In Egypt, Anger at Military Rulers Fuels Ongoing Protests

In Egypt, Anger at Military Rulers Fuels Ongoing Protests

An open-ended sit-in in Cairo's Tahrir Square will enter its seventh day today and may grow larger if calls for another major Friday protest are met. Five months after an 18-day uprising brought down President Hosni Mubarak, a substantial number of Egyptians feel that the pace of change has been too slow to satisfy their revolutionary demands. They are holding major demonstrations in Tahrir Square and around the country, explicitly condemning the ruling military council that took over after Mubarak's resignation and pushing for faster and deeper reforms.

In the week since the latest round of protests began, the interim government -- as well as the military council that appointed it and which most believe holds most of the political power in Egypt -- has been making concessions on a series of important issues to protesters. But following months of piecemeal and insufficient reforms, pro-change Egyptians regard these concessions with skepticism. What will happen next remains uncertain.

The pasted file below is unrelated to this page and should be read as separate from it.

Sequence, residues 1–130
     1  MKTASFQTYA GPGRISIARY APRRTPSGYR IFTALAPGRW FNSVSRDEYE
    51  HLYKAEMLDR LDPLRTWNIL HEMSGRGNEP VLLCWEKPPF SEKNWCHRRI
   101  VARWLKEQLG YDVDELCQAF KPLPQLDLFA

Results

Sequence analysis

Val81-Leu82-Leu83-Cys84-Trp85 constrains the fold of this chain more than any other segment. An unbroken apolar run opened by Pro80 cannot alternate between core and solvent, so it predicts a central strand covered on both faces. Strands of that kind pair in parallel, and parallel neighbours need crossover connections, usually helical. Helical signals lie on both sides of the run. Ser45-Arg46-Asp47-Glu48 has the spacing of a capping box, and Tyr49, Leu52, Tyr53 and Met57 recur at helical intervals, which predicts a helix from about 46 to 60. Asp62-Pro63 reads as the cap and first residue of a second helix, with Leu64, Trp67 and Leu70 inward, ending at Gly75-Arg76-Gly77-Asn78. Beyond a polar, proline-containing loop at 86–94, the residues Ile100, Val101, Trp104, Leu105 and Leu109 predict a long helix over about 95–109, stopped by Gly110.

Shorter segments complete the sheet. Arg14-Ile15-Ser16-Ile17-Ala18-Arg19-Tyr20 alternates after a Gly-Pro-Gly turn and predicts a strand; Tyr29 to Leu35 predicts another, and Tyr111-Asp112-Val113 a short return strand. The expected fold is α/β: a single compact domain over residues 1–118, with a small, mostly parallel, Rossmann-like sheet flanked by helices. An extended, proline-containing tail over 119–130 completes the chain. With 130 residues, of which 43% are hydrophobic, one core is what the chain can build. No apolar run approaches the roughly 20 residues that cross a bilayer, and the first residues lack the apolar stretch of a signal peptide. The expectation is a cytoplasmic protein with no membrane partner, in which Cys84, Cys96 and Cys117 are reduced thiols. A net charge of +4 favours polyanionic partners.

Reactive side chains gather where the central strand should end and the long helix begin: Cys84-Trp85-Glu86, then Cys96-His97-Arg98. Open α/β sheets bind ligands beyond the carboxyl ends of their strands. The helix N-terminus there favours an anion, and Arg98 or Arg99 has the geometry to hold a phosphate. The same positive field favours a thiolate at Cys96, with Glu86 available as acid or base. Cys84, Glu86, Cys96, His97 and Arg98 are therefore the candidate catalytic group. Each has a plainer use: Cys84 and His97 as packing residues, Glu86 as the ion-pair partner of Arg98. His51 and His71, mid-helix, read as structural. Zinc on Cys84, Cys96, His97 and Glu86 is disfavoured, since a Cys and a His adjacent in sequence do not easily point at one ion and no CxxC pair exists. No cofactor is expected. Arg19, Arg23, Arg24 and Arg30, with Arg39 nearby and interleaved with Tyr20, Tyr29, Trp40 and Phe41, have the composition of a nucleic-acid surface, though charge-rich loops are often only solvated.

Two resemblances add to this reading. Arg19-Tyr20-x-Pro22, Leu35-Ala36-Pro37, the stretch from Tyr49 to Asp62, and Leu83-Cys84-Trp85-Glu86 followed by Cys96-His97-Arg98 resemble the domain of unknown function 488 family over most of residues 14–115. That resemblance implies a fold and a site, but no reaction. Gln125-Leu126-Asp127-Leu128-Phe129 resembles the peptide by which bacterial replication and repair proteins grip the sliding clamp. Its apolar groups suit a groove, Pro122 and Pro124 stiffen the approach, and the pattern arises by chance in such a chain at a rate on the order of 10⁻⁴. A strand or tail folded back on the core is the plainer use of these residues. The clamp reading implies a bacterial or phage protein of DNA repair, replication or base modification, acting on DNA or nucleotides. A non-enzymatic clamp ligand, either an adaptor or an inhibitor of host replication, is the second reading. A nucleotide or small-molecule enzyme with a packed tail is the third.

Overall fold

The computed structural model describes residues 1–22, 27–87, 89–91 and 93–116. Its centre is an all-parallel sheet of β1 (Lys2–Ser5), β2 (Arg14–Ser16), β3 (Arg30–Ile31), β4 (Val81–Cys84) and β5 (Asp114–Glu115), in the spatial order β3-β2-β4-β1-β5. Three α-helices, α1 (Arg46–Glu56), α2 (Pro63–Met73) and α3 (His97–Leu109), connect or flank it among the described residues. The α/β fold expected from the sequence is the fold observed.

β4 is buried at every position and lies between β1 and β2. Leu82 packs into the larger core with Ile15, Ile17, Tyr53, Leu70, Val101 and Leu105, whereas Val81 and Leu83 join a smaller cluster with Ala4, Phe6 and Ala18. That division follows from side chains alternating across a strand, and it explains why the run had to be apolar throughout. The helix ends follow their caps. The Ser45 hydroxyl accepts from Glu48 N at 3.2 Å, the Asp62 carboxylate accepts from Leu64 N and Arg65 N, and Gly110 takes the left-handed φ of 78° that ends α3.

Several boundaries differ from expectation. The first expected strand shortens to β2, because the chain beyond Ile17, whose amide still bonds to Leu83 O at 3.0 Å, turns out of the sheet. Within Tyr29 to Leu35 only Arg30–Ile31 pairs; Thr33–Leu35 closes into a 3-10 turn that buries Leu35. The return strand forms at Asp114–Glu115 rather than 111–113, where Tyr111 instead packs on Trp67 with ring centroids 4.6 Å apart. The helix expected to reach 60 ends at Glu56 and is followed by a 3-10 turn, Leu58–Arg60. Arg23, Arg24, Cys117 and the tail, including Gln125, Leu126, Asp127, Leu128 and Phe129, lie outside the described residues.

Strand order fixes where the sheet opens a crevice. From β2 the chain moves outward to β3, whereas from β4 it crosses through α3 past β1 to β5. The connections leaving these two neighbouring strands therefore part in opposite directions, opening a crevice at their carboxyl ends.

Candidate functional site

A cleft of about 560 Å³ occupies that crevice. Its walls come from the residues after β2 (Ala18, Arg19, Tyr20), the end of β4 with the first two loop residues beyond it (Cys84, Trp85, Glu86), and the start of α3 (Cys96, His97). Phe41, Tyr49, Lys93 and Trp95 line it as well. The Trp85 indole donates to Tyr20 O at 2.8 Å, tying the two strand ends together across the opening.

When Mubarak stepped down on Feb. 11, many suspected that, as much as the millions of protesting Egyptians, it was the military's fear of prolonged unrest that pushed him out, making the ouster perhaps a military coup as much as a revolution. To fill Mubarak's presidential role, a hastily assembled 20-member body called the Supreme Council of Armed Forces (SCAF) took over. The SCAF then appointed an interim cabinet composed largely of figures from Mubarak's government to run the country until elections. In mid-March, the SCAF introduced and, critics say, hurriedly pushed through a "constitutional declaration" that was ratified via referendum.

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